15 Daemonettes. Alluress, lesser reward

6 Seekers of Slaanesh. Heartseeker, lesser reward

6 Seekers of Slaanesh. Heartseeker, lesser reward

Total: 1500 points

This army is very much the hoard, relying on cheap Deamonettes to do most of the work. Throw in the odd Herald or tougher unit like Seekers to deal with or delay any tough units the army encounters and the jobs a good’un.

Killer Queen(s)

Keeper of Secrets. Greater reward, level 3 psyker

Keeper of Secrets. Greater reward, level 3 psyker

12 Daemonettes. Instrument of Chaos

12 Daemonettes. Instrument of Chaos

12 Daemonettes. Instrument of Chaos

Soul Grinder. Mark of Slaanesh. Warp Gaze

Soul Grinder. Mark of Slaanesh. Warp Gaze

Daemon Prince of Slaanesh. Wings, Psyker level 2, exalted reward, Warp-forged armour

Total: 1499 points

If you will forgive the slightly ludicrous title, this is a Monstrous Creature heavy list. A small few units of Deamonettes are around to act as objective holders whilst the heavies do their job and scare the bejezus out of your opponent!

Bringing it all together…

A balanced Slaanesh force painted by ArbitorIan from Dakka Dakka

Keeper of Secrets. Greater reward, level 3 psyker- 250 poin

Herald of Slaanesh. Greater reward, Exalted Locus of Beguilement

Herald of Slaanesh. Greater reward, Exalted Locus of Beguilement, Steel of Slaanesh

12 Daemonettes.Icon of Chaos. Alluress, minor reward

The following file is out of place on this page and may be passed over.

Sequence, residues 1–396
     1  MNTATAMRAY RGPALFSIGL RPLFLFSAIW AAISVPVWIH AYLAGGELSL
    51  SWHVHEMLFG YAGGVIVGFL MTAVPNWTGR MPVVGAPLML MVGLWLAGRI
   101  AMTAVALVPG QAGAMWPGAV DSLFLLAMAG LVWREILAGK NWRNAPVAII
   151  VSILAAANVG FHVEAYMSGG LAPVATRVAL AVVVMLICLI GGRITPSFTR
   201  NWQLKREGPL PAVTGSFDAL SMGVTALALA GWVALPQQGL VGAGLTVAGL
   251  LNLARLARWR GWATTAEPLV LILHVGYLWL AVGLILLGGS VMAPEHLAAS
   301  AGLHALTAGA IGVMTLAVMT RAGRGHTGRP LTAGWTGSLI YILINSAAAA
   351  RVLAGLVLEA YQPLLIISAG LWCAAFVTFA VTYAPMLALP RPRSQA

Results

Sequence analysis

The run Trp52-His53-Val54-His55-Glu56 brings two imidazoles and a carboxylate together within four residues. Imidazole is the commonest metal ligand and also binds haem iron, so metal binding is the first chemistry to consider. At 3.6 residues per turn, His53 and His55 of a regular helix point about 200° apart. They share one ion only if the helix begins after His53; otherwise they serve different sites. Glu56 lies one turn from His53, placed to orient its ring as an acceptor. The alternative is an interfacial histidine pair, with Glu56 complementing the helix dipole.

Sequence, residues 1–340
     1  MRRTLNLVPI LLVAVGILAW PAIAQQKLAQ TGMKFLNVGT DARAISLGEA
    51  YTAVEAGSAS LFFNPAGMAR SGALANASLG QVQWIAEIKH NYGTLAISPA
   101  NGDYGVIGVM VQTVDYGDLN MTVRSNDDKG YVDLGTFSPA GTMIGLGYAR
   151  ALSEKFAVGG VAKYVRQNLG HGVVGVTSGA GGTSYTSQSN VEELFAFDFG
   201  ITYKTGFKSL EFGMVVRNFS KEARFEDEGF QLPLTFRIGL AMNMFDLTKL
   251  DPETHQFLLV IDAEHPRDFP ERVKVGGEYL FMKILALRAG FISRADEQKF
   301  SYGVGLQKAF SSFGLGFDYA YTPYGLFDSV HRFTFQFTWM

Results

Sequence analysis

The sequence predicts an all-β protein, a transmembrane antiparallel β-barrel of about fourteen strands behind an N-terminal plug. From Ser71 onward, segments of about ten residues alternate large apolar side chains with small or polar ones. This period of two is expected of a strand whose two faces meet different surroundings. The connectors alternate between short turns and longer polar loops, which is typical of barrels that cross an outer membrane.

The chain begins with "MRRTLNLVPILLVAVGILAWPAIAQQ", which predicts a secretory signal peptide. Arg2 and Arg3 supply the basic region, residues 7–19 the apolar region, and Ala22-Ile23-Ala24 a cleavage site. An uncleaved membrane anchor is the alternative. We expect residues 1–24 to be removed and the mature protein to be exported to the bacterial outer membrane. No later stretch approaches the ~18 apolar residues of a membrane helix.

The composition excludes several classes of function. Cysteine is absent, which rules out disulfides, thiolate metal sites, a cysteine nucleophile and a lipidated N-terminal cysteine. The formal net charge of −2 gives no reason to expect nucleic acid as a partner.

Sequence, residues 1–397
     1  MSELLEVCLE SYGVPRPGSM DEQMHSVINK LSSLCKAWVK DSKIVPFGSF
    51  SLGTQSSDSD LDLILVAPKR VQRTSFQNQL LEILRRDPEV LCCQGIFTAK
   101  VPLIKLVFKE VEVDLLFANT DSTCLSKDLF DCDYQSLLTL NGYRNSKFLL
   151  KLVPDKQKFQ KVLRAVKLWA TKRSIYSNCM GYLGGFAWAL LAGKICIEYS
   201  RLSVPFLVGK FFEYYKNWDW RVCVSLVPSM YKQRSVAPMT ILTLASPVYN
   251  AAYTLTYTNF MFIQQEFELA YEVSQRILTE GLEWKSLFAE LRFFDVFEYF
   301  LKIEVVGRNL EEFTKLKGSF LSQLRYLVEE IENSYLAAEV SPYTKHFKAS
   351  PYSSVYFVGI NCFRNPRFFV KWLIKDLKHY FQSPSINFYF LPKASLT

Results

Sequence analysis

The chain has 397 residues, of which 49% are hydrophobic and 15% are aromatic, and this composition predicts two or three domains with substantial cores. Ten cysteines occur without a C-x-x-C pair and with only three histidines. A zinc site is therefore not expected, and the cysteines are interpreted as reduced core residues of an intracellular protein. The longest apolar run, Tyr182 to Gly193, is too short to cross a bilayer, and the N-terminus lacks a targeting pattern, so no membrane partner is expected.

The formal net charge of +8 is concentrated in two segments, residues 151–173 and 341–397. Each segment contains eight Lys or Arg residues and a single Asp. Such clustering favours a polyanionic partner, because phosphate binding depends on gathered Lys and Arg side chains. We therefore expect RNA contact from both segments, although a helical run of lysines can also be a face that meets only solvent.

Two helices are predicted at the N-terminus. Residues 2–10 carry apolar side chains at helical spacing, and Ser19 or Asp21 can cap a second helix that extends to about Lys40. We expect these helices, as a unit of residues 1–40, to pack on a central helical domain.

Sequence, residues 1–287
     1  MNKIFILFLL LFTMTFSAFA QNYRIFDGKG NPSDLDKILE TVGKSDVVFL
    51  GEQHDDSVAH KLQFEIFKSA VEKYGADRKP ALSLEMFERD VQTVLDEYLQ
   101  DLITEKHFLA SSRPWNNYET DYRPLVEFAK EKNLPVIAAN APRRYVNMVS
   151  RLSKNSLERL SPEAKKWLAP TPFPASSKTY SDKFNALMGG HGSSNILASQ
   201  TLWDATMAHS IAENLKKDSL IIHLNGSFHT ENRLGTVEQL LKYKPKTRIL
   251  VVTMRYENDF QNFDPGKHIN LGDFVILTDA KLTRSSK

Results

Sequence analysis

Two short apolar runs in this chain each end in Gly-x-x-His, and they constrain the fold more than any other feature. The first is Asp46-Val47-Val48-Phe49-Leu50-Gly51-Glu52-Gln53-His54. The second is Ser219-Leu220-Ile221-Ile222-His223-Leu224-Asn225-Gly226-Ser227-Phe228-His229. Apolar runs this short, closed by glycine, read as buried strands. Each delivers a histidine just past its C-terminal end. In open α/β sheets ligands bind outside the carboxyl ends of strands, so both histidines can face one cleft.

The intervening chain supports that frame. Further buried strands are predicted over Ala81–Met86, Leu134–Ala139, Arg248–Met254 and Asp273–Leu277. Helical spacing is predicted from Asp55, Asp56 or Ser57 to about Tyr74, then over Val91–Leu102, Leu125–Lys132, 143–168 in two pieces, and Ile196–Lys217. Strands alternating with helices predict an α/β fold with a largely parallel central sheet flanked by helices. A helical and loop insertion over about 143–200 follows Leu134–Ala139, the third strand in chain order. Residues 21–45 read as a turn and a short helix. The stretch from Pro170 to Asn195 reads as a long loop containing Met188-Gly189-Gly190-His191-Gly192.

12 Daemonettes. Icon of Chaos. Alluress, minor reward

12 Daemonettes. Icon of Chaos. Alluress, minor reward

6 Seekers of Slaanesh. Heartseeker, lesser reward

3 Fiends of Slaanesh

Daemon Prince of Slaanesh. Wings, Psyker level 2, exalted reward

Total: 1496 points

Soul Grinder. Mark of Slaanesh. Warp Gaze

Having a more balanced force has its advantages. By combining the many different elements, you can get the hard-hitting and staying power of Monstrous Creatures and the speed of Seekers of Slaanesh. The only problem is fitting it all in  a 1500 point limit!

And with that, I’m done with Slaanesh for now. Come back next week when I will start (finally!) talking about Khorne. He’s already angry he’s been waiting his turn this long, so it will have to be a good one – or else!

The Slaanesh range from Games Workshop, along with many alternative models,  is available from Firestorm Games for a minimum of 10% off!

A Festive Wobble